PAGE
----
These are troubled economic times, and economic uncertainty is driving many strategic and operational decisions. In periods such as these, cash is a prized asset. Selling corporate assets, such as excess real estate, or selling and leasing back corporate real estate, can build liquidity. Investors and institutions seek out corporate real estate that is leased back to the seller - especially if the seller is credit-worthy. The seller can also create value for its own benefit and the buyer's by properly structuring the offering. These transactions can typically be completed quickly due to the attractiveness of the approach to the investors if cash is needed.
The Lease Statement
Deal structure matters in these transactions, and can create value. For the optimal outcome, the lease should span at least 10 years, as longer-term leases create more value. The lease rate should be below market value, as the buyer will discount a value higher than that, while a below-market value will be lost. Above-market values can hinder the buyer's ability to finance the transaction.
The lease should include rent increases of approximately 2 percent to 3 percent annually. Increases can be on a yearly basis or in five-year increments. Flat leases over the term negatively affect valuation. Structure the lease as triple net, with the tenant responsible for all expenses, particularly taxes, insurance, and operating expenses. To further increase value, the seller should consider assuming all capital expenses - roof and structure, for instance - especially for longer leases.
When an organization decides to sell a property, it should use an experienced corporate services and investment real estate broker to help develop and implement the disposition strategy. If that strategy has been well structured and the asking price is at market, the time to close the sale could be as fast as 90 days. An even shorter timeframe is possible if the seller is responsive to the buyer's needs.
Pros and Cons
Sale-leaseback transactions offer significant advantages to the seller's organization:
• Non-liquid assets become liquid cash.
• Cash replaces capital assets on the balance sheet.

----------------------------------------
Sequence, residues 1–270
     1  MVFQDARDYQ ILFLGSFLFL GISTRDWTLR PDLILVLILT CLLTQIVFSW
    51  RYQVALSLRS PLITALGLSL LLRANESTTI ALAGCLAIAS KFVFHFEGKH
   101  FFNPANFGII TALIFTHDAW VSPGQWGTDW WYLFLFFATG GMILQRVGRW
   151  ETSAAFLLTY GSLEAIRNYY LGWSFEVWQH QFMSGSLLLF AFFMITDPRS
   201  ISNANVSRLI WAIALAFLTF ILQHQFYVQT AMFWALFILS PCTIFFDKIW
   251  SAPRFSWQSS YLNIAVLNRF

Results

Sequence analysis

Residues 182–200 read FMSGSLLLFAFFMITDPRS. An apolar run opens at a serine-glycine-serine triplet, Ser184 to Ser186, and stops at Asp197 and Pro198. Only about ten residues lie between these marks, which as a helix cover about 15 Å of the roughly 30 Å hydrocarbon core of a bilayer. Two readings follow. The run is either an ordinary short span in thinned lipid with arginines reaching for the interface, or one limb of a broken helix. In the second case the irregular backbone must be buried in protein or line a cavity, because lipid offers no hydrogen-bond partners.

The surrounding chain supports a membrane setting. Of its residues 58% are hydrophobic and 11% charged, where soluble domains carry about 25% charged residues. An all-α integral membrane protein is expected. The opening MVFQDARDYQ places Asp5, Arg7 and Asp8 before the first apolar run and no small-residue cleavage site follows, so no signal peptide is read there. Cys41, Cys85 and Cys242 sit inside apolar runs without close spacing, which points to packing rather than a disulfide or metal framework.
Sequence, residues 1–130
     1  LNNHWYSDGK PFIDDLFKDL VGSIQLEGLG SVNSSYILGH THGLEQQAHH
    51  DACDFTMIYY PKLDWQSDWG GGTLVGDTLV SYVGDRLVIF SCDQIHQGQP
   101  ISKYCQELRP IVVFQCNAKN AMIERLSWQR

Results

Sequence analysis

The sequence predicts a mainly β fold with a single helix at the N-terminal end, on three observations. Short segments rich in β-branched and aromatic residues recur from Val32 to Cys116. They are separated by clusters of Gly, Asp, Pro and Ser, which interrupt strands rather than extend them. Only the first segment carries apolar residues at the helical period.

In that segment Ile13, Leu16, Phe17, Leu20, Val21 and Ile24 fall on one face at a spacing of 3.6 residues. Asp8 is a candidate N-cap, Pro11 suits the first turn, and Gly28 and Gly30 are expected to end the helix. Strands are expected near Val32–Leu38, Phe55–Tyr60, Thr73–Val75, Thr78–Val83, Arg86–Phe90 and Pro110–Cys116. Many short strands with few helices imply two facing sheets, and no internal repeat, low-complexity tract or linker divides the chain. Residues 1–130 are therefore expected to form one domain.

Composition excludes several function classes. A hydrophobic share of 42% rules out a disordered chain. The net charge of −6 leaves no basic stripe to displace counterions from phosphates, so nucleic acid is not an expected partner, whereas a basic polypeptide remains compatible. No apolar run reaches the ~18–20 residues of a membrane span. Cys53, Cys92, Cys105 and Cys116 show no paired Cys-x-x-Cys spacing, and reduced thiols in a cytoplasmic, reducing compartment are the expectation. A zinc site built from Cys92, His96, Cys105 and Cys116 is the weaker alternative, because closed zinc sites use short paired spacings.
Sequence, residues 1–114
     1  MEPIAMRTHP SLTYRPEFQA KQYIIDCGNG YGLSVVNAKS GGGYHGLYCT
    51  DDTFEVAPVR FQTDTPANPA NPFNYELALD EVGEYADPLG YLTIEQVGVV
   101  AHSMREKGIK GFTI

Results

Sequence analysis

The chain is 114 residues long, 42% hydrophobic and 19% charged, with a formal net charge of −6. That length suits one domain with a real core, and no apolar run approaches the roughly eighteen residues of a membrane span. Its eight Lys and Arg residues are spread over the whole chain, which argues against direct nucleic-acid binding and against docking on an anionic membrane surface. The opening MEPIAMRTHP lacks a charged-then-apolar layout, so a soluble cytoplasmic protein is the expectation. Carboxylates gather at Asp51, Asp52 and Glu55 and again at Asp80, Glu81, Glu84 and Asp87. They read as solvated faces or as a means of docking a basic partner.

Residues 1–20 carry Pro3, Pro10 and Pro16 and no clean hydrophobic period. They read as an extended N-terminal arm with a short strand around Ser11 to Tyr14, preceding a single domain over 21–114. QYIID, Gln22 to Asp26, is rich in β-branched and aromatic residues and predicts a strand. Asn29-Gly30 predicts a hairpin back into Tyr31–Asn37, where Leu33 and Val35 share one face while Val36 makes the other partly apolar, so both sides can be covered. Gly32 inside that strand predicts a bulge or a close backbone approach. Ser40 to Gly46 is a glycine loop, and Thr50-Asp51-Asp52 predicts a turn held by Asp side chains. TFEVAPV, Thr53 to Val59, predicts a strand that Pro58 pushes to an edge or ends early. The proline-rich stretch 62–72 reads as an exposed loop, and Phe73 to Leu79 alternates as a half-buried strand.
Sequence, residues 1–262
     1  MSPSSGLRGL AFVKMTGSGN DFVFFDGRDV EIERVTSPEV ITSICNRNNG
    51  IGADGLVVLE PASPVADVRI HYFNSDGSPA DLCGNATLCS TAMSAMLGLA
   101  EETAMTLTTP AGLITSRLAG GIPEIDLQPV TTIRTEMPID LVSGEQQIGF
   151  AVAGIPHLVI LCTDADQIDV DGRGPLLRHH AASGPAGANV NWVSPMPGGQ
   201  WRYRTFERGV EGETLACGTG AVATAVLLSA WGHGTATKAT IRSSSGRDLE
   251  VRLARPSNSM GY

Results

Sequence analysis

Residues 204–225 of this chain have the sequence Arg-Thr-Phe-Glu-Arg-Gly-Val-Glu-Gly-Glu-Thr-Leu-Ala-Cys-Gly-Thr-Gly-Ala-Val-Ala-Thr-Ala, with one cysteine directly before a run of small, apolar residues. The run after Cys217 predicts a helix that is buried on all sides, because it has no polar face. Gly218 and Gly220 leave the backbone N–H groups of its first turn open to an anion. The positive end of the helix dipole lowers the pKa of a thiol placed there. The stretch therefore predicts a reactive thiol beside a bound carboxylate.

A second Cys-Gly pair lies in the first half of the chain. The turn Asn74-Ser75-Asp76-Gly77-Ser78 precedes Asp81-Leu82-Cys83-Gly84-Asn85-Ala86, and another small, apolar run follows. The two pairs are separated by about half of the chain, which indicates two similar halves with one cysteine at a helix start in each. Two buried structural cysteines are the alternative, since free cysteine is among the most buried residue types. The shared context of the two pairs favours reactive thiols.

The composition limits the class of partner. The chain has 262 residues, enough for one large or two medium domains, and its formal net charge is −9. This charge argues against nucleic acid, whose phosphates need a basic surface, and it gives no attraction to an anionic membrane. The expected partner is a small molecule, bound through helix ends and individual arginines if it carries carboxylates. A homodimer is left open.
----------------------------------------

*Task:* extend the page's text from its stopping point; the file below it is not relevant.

• Any debt associated with the real estate is removed from the balance sheet.
• Debt-to-equity ratios improve.
• Lease payments are deductible as expenses.
But there are drawbacks. Generally accepted accounting principles require gains from a sale-leaseback transaction to be deferred from profit and amortized over the period of leaseback. Losses from these transactions must be recognized immediately. Proposed new accounting standards will require lessees to recognize future rent payments as liabilities. And there may be tax liabilities that reduce the sale's net proceeds.
Other negative effects could include the seller's loss of flexibility in the future use of the real estate sold and leased back. As a tenant, they commit to a site at the lease's cost and terms. The company may have to move when the lease expires, unless the lease addresses renewal options. The seller will face penalties if vacating early. And the building's future appreciation accrues to the buyer.
Buyers of corporate real estate assets have clear benefits:
• Predictable, long-term cash flow;
• Returns typically higher than bonds;
• Possible appreciation of value at roughly the rate of the lease increase;
• Low management requirements;
• Rent increases and appreciation that hedge against inflation;
• Some tax shelters from depreciation and other deductible expenses; and
• Positive leverage - especially in this period of high capitalization rates and low cost of debt - that can increase return.
Companies can leverage real estate as part of business strategy. They may develop new facilities for sale and leaseback themselves. Or they can use a joint venture partner to develop, sell, lease back, and share the profits, with the debt on the developer's balance sheet.
Owning real estate seldom offers a company the same returns as its core business. By selling real estate, a company can reduce debt, re-purchase stock, improve financial ratios and the balance sheet, and focus on its core business.
Companies should consider sale-leaseback of existing or planned facilities as a smart financial strategy in economically difficult times. Divesting real estate assets to create returns can ultimately help companies focus on what they do best.